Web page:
7. Part 3. A Global Appetite
      (pp. 117-118)

      At the luxurious Hotel Ngor, on the Senegalese coast facing the Atlantic, Eli and I begin lunch each day with a perfect mango. The gleaming orange flesh, carved into a crown of cubes and triangles, is sweet, firm, and silky smooth in the mouth. Each bite releases in us a flood of French superlatives:étonnant, parfait, merveilleux, incroyable, extra.

      Chedli, our regular waiter, beams in response to this extravagant but heartfelt praise. It’s for him, too, he feels. After all, the incomparable mangoes are fruits of his earth. Planted and tended by brothers and cousins, they pass through his hands...

      (pp. 119-129)

      We have rented a white house with sky-blue shutters on a rocky outcropping facing the Mediterranean. It is a serene retreat, twenty minutes by car from the Tunisian capital and my job at the University of Tunis. I open the shutters each morning to catch the rising sun and the sounds of the advancing tide. From our living room, french doors lead onto a red-tiled terrace, where I sun and doze and fret over unfinished lectures. The broad, sweeping beach, empty from October through April, is two flights of stairs below. On mild days, I watch our neighbor Françoise adjust...

      (pp. 130-135)

      Our neighbor Francisco, a portly man of sixty, hangs out weekends in the doorway of his street-front garage. Weather permitting, he soaks up the sun while gossiping with friends. When he spots Eli and me heading his way, arms laden with books, beer, and bread, he beckons us inside. The dim room resembles a hardware store. Metal shelves, brackets, tins of nails, and stacks of cardboard boxes cover the concrete floor. “From my factory in the north,” he says in Portuguese, gesturing at the clutter. “We manufacture.” I’m puzzled. Surely Francisco hasn’t invited us into the garage to admire his...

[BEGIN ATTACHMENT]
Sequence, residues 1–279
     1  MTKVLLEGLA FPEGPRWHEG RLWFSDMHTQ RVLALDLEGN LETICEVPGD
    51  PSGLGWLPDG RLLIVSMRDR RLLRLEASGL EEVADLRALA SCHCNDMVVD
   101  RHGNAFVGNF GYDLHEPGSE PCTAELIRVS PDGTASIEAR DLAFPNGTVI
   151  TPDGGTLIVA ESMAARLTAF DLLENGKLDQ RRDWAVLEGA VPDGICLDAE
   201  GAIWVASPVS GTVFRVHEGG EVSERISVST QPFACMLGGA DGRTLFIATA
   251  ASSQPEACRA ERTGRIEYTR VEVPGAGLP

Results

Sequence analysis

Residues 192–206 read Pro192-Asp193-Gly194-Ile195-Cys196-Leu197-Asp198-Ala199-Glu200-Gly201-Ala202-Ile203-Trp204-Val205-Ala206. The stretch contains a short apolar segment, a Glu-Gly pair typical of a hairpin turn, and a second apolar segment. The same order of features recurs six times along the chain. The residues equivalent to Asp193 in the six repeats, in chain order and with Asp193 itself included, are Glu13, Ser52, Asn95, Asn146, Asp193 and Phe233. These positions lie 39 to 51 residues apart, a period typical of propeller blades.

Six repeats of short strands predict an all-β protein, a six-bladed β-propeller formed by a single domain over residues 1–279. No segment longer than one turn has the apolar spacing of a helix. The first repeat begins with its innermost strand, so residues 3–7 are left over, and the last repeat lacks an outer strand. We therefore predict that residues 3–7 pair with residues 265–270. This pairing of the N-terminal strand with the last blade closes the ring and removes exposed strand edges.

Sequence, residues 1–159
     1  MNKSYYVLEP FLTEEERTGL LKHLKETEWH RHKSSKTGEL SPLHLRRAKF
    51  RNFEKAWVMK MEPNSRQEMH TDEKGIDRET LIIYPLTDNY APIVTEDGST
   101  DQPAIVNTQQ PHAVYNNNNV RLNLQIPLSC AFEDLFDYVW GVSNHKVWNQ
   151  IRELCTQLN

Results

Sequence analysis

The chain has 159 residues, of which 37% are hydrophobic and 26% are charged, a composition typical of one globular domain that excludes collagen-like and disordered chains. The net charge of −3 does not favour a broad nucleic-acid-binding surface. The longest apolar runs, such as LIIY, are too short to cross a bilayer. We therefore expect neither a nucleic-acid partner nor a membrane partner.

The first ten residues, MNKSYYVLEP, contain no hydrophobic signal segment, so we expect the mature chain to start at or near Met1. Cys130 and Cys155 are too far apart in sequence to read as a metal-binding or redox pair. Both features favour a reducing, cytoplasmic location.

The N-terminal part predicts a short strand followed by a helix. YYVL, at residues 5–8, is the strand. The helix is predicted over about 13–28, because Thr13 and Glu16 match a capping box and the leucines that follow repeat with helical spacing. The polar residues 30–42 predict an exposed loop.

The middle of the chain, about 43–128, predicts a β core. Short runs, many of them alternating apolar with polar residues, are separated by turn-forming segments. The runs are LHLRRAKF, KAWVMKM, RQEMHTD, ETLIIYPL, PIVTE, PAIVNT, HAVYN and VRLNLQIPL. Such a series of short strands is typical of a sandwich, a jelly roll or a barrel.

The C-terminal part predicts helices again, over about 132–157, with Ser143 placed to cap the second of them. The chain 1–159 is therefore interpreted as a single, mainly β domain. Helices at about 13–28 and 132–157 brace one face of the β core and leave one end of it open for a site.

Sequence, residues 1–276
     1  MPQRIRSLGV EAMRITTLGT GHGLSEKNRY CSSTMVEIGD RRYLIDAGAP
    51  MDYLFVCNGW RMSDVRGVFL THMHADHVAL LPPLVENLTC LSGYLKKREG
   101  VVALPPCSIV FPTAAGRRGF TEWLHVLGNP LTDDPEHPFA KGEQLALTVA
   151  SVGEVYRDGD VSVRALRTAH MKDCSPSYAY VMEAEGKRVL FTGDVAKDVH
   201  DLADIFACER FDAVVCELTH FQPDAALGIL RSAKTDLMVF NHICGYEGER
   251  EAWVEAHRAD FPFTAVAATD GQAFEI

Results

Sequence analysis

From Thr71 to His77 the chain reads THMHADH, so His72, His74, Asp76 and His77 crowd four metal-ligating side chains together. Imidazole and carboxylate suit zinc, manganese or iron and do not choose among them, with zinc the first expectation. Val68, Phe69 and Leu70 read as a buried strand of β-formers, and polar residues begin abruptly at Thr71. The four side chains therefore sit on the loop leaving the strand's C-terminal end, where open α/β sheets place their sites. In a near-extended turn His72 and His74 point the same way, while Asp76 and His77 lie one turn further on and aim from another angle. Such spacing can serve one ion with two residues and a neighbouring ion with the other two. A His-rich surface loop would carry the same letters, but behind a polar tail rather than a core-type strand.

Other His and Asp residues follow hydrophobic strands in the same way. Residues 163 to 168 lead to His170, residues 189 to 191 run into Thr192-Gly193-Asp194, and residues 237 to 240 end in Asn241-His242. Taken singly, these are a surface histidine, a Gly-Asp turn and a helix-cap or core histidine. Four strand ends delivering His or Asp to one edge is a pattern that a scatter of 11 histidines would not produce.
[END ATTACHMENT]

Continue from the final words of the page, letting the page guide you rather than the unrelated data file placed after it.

(pp. 136-146)

      The breakfast buffet at the Hotel Polana is thirty running feet of elegant imports: decadent patés and seductive herring, vegetable salads and classic French cheeses, fruit pastries and croissants, fried eggs, sausages, and, for the cholesterol conscious, granola and yogurt. Self-indulgent on my first working day in Maputo, the capital of Mozambique, I sample almost everything and reject the compunction to clean my plate. Still, my pleasures give me pause. Mozambique in 1993 is one of the most woebegone countries in Africa. On the UN’s quality-of-life chart, it ranks close to the bottom. How can I reconcile this five-star extravaganza...

      (pp. 147-149)

      The fruit trees ringing the house at Pharping produce apricots, peaches, cherries, and pears—amazing pears, my son Adam boasts. The air is sweet and fresh; it’s the opposite of the killer exhaust and rotting garbage that clog our nostrils in Kathmandu. “We should all go up for an overnight,” Adam says, “and let Sangita feed us dinner. That way you’ll understand why Laura and I bought the place—how peaceful we feel there.”

      Running a business in Kathmandu doesn’t allow Adam much peace. He worries about the competition—all those other solar energy businesses that have sprung up since...